Published: 02nd June 2020
Nobody knows when your child will go back to classrooms: Kangaroo Kids' Lina Ashar
Author, educator and entrepreneur, Lina Ashar tells us about how preschoolers are reacting to online classes and why this will be the great divide breaker when it comes to education in India
If you ever thought that online classes and webinars are only for grown-ups and older children, the year 2020 would have already proved you wrong. However, how will the young ones even manage to sit undistracted in front of the gadgets and listen to their classes? "Piece of cake". That is what educationist and founder of India's largest pre-kindergarten Kangaroo Kids, Lina Ashar says. "We are doing virtual classes for pre-schoolers too. We are keeping these classes as active and engaging as possible. It is not a one-way conversation," says Lina.
She then goes on to explain Kangaroo Kids' online classes to us. "A teacher on screen can be going action songs and the children can follow. Sure the children may not have play doughs at home, but we ask them to make models using atta They make letters and learn colours, exactly the same way they did it in their class. In fact, kids do not even need toys, they nake their own toys," she says.
Lina founded Kangaroo Kids in 1993, after moving to India for a sabbatical. At that time, she was undergoing a teachers' training program in Australia. "That was when I realised that the education system in India was sad from a child's perspective. Our children do not deserve this stress and burden. Learning should be a joyful experience, but schools suck the joy out of it. That's how we started Kangaroo Kids," she says. Kangaroo Kids, today, is a chain of 70 pre-schools across India, UAE, Qatar and Maldives. She also founded the Billabong High International School in 2004.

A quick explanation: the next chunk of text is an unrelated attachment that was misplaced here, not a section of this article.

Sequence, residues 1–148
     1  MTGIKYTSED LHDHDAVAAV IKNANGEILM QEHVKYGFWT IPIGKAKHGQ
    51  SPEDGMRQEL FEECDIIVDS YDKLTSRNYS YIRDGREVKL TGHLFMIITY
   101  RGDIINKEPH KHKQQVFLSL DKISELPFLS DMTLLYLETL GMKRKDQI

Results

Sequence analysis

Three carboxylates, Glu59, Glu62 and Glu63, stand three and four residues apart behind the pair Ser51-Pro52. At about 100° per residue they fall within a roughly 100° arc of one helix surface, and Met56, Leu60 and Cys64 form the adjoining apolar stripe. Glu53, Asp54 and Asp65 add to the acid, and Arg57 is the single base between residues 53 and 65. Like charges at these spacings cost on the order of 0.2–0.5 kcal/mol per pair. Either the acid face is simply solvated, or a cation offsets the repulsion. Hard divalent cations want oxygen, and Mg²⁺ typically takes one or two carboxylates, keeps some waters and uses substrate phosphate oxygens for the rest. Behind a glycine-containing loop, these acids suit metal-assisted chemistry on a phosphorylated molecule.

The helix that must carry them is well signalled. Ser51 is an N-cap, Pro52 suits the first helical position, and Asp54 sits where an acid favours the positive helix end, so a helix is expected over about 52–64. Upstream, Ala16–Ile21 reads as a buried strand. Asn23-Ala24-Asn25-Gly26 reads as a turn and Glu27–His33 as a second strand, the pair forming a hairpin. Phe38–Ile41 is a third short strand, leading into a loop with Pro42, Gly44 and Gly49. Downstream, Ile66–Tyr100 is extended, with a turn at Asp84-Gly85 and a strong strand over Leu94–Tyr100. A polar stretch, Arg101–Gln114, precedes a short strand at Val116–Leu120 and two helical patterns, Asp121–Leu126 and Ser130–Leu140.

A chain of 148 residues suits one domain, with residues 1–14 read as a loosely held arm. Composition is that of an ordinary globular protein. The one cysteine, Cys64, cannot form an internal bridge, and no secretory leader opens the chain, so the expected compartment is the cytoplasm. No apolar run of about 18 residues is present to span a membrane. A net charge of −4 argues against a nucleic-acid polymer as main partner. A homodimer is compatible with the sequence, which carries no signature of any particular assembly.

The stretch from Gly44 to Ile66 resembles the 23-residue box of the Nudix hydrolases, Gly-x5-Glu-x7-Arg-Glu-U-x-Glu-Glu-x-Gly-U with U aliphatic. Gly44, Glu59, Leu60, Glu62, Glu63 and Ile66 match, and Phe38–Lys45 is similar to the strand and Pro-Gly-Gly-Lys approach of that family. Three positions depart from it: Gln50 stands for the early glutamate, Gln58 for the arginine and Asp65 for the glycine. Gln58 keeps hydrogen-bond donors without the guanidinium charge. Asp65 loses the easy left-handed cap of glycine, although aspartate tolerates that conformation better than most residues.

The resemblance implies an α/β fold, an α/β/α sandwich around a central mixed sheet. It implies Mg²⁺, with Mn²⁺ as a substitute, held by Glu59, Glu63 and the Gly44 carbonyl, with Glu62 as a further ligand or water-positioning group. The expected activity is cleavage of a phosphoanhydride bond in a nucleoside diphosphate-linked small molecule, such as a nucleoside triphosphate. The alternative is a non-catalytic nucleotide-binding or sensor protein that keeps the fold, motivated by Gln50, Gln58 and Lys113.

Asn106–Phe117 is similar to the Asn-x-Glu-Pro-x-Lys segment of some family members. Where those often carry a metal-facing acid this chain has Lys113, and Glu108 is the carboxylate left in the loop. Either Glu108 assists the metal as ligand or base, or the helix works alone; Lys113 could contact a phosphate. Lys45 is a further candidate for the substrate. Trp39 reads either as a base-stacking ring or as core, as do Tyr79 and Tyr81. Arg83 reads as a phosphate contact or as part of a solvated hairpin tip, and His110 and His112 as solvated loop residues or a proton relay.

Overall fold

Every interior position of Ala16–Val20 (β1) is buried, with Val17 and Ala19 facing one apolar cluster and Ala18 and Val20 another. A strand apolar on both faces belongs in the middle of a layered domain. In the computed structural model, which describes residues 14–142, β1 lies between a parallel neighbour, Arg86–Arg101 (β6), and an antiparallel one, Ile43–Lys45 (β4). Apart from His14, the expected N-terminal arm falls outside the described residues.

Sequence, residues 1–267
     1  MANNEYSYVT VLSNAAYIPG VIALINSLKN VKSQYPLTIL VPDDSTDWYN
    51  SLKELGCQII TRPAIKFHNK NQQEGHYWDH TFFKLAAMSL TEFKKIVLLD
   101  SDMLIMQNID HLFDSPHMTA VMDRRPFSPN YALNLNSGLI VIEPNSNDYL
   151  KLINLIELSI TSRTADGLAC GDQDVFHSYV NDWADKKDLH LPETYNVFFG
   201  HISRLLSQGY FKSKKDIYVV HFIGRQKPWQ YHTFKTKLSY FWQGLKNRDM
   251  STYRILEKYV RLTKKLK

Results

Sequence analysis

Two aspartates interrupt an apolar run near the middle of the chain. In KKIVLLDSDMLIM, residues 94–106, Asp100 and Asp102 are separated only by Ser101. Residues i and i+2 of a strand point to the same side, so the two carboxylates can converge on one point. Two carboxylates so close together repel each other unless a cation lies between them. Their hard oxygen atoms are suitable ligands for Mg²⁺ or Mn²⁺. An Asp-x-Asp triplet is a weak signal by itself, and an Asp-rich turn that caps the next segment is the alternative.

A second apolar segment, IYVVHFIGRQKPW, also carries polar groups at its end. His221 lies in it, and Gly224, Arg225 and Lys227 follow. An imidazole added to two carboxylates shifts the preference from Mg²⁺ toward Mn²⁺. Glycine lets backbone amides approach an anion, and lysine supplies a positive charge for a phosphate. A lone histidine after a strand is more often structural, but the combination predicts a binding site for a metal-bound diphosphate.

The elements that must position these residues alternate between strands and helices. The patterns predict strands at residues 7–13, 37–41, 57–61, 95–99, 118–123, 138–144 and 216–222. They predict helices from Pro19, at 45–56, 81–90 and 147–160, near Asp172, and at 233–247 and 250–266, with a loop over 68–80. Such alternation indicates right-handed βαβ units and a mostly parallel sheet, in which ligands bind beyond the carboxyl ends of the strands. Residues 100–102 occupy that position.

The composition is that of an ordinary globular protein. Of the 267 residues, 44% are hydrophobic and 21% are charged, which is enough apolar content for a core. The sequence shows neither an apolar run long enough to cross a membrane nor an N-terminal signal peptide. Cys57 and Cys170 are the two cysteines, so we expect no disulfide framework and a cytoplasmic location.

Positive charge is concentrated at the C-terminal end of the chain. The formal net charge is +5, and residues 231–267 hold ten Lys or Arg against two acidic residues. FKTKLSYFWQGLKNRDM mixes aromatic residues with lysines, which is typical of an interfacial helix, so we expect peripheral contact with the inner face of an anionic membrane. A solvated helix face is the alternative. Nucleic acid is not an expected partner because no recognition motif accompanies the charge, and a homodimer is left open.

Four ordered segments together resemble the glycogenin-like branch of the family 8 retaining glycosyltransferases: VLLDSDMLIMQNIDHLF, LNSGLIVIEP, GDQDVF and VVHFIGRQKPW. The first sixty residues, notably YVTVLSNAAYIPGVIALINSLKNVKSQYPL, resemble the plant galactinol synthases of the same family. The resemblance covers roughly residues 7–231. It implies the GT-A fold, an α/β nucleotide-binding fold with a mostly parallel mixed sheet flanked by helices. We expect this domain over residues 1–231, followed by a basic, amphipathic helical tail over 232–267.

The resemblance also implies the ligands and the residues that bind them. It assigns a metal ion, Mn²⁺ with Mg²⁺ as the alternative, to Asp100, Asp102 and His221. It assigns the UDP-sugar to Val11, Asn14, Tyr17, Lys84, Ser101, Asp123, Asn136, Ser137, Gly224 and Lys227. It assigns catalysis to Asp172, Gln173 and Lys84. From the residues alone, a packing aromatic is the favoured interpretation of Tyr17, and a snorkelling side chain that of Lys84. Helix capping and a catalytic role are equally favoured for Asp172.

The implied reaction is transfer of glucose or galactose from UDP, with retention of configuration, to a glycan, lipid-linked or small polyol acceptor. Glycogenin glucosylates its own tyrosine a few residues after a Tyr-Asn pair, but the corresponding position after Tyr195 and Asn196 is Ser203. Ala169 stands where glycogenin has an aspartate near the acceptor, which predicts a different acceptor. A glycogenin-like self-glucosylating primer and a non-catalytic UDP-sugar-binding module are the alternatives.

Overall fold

Lina also tells us how children mirror their parents, especially in today's situation. "The children of parents who are engaged and are not allowing the fear to overcome them will react this way. It's not just the parents' words or language, but their energy will also have an impact on the children. Everything depends on how you nourish yourself," she says.
Parents all over the country are undoubtedly worried about when their children will go back to school. "Nobody has an answer to this, nobody knows when they will go back to school," she says. "If someone tells you otherwise, they are lying," she laughs, adding that the current situation is totally unprecedented.
Talking about her lockdown plans, Lina tells us how she plans to expand education services to more students in the country. "My schools were largely serving the elite. But I always wanted to impact all Indian children. This will only be possible digitally," she says, adding that she is now investing in an online learning system. "The access is getting better in the country. Even your watchman these days has a smartphone. I at least aim to reach the children in Tier II and Tier III cities," she says.